RICHMOND, VA (WWBT) - Virginia State University is making changes on campus to better serves students with a disability. The announcement comes just days after our series of reports from 12 on Your Side, about accessibility problems for a student who uses a wheelchair.
V.S.U. is taking several actions. It's all listed here in an email after our reports about Kionna Jones getting stuck in curb cuts, in buildings, and missing classes because of 'out of service' elevators. V.S.U. says the A.D.A. projects were planned before we got involved. But, here's what stands out, they still have elevator troubles.
NBC12 got the email Wednesday listing the university's new A.D.A. projects including more work on two elevators in buildings where we previously documented problems. We found a shut down elevator in Hunter-McDaniel hall the first day of our investigation. It's happened at least eight times, Kionna Jones says, and each time classes carry on without her. She's the only student missing class because of elevators.
"It just makes me mad. It's just little things like this, that. I can't go any other way. I can't go up stairs. So, how am I going to get to class? All I can do is email my teacher," Kionna said.
V.S.U. and Kionna disagree on moving the class to the first floor. V.S.U. allows her to makeup the work, but Kionna wants access to the classroom and believes it's a civil rights violation. V.S.U. says this is their final response to the issue.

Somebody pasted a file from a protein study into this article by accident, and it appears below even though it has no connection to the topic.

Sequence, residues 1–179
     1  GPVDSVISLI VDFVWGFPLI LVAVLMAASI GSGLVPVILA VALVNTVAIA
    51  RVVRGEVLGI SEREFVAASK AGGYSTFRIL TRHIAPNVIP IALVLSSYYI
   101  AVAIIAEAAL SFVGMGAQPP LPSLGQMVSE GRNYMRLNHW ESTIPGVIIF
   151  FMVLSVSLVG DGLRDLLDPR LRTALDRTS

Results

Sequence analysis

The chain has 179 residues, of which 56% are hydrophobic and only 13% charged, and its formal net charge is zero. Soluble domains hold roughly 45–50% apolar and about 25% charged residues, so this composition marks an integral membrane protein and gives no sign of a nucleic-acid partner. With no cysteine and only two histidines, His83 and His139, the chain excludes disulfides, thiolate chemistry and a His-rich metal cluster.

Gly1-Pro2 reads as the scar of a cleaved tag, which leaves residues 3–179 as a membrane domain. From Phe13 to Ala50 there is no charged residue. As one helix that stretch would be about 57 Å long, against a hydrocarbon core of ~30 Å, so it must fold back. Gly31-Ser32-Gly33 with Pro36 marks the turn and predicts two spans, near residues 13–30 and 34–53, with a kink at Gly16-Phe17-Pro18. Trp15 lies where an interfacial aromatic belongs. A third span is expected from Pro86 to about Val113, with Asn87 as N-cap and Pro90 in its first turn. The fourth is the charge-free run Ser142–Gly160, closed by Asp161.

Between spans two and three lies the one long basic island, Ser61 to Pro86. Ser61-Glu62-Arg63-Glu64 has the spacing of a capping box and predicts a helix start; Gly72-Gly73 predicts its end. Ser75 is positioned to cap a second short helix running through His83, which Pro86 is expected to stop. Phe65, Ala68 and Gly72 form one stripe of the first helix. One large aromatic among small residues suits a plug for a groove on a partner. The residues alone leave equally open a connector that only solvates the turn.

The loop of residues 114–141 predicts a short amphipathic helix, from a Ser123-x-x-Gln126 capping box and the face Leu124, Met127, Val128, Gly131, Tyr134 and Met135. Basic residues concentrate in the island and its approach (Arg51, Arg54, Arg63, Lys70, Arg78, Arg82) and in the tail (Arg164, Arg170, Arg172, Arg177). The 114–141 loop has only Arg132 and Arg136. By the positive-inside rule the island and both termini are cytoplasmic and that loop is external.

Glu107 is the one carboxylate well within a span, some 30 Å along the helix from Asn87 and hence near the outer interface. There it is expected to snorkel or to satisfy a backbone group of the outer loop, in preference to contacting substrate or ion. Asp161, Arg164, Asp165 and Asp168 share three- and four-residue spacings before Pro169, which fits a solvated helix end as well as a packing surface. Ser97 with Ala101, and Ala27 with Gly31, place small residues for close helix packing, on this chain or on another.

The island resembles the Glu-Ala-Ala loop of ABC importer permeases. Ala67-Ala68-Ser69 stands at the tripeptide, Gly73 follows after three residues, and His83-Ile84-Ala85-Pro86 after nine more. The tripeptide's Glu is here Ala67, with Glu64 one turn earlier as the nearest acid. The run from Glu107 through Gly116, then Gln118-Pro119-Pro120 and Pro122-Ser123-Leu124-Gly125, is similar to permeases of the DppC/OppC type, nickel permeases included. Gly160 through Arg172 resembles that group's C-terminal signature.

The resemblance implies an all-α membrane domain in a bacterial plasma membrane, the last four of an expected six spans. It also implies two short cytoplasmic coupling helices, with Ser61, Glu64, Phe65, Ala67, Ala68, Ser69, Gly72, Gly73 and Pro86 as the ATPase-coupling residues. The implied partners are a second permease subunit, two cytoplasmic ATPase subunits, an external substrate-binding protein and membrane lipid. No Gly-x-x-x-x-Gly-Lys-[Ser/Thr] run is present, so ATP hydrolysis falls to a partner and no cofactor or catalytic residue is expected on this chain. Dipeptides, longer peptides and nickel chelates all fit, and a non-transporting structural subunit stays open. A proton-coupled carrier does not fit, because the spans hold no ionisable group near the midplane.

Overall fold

We got an A.D.A. surveyor who also uses a wheelchair to go over the campus with me and make recommendations. V.S.U. followed her suggestion to have the ramp inspected. It says while it does make a bump sound, it's structurally safe and meets requirements.
V.S.U. says A.D.A. projects were approved in 2011. The campus library is getting doors changed for easier opening. A new ramp and elevator in Seward, and a new wheelchair lift in Storum. Harris Hall will get rescue and assistance areas installed in the stairways. Great news for the 19-year-old freshman who says she's gotten stuck in Harris Hall before and left behind during a fire drill last year at her dorm.
"When I was coming to get out the door, I couldn't get out the door. I didn't have this wheelchair. I had my other one and the door was like too heavy for me to push on my own. What if that had been a real fire?
I know. I don't want to think about that. That's scary. That's real scary," Kionna said.
The university is also replacing a section of sidewalk behind Harris Hall next week. It says the chipping and breaking was recently discovered.
Kionna says campus support staff reached out to her because of our reports and seems more genuine about helping her. V.S.U. says, like the surveyor stated in my report last Friday, V.S.U. is pro-active, responsive and forward-looking, with regard to accessibility.